How Nagaland got its Name

Nagaland

Nagaland is a state in Northeast India.The state capital is Kohima, and the largest city is Dimapur.The origin of the word ‘Naga' is unclear.A popularly accepted, but controversial, view is that it originated from the Burmese word ‘naka’ or 'naga', meaning people with earrings. Others suggest it means pierced noses.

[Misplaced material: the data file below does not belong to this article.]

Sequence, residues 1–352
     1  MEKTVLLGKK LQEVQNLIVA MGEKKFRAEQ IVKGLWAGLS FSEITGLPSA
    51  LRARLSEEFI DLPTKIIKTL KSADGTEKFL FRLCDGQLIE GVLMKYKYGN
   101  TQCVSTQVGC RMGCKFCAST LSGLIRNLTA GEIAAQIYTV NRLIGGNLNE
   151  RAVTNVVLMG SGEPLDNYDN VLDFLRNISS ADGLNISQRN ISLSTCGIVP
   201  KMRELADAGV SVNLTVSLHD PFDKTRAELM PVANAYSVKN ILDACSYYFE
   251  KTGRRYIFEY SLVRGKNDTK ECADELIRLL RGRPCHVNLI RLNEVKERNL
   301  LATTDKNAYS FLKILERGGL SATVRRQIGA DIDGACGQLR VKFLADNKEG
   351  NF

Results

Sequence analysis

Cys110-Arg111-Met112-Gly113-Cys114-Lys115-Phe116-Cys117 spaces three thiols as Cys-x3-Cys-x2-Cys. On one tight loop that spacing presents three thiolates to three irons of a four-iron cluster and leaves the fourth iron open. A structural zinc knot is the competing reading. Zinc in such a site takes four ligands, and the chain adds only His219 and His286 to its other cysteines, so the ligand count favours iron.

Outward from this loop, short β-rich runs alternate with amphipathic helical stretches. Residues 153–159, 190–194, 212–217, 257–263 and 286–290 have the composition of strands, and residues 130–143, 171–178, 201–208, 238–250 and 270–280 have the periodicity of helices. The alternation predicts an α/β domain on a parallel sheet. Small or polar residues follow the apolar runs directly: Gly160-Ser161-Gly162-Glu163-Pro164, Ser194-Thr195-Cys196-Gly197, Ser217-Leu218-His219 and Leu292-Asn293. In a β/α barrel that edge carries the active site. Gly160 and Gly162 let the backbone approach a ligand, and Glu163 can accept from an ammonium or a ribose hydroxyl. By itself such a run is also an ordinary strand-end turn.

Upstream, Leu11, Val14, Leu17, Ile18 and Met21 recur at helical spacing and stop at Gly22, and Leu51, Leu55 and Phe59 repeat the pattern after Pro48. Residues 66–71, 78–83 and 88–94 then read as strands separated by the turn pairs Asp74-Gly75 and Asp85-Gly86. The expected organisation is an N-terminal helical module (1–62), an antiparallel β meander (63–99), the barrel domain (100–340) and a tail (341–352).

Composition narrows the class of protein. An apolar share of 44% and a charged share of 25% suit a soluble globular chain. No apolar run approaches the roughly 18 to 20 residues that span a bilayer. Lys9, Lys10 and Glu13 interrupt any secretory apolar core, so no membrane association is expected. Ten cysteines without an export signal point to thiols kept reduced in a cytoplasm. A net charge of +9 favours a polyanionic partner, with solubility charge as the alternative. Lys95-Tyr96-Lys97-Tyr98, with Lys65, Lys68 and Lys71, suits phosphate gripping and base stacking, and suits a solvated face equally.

The ancient name of Nagaland is 'Nakanchi' or 'Naganchi', derived from the Naga language.Before the arrival of European colonialism in South Asia, there had been many wars, persecution and raids from Burma on Naga tribes, Meitei people and others in India's northeast. The invaders came for "head hunting" and to seek wealth and captives from these tribes and ethnic groups. When the British inquired Burmese guides about the people living in northern Himalayas, they were told ‘Naka’. This was recorded as ‘Naga’ and has been in use thereafter.With the arrival of British East India Company in the early 19th century, followed by the British Raj, Britain expanded its domain over entire South Asia including the Naga Hills. The first Europeans to enter the hills were Captains Jenkins and Pemberton in 1832.Over 1851 to 1865, Naga tribes continued to raid the British in Assam.On 4 October 1879, GH Damant (M.A.C.S), a British political agent, went to Khonoma with troops, where he was shot dead with 35 of his team. Kohima was next attacked and the stockade looted.Between 1880 and 1922, the British administration consolidated their position over a large area of the Naga Hills and integrated it into its Assam operations.In 1944, the Indian National Army with the help of Japanese Army, led by Netaji Subhashchandra Bose, invading through Burma, attempted to free India through Kohima. The population was evacuated. British India soldiers defended the area of Kohima and were relieved by British in June 1944. After the independence of India in 1947, the area remained a part of the province of Assam.Nagaland became the 16th state of India on 1 December 1963.